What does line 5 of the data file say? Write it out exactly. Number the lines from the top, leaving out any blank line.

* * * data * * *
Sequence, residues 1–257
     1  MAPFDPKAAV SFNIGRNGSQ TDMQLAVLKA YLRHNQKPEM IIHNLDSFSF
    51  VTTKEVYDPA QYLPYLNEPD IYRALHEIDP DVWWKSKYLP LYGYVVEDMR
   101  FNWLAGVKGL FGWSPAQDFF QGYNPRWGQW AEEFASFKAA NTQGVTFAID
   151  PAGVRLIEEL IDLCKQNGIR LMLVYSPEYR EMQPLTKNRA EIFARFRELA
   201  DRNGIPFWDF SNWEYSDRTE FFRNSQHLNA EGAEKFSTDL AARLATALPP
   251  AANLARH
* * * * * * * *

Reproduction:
   151  PAGVRLIEEL IDLCKQNGIR LMLVYSPEYR EMQPLTKNRA EIFARFRELA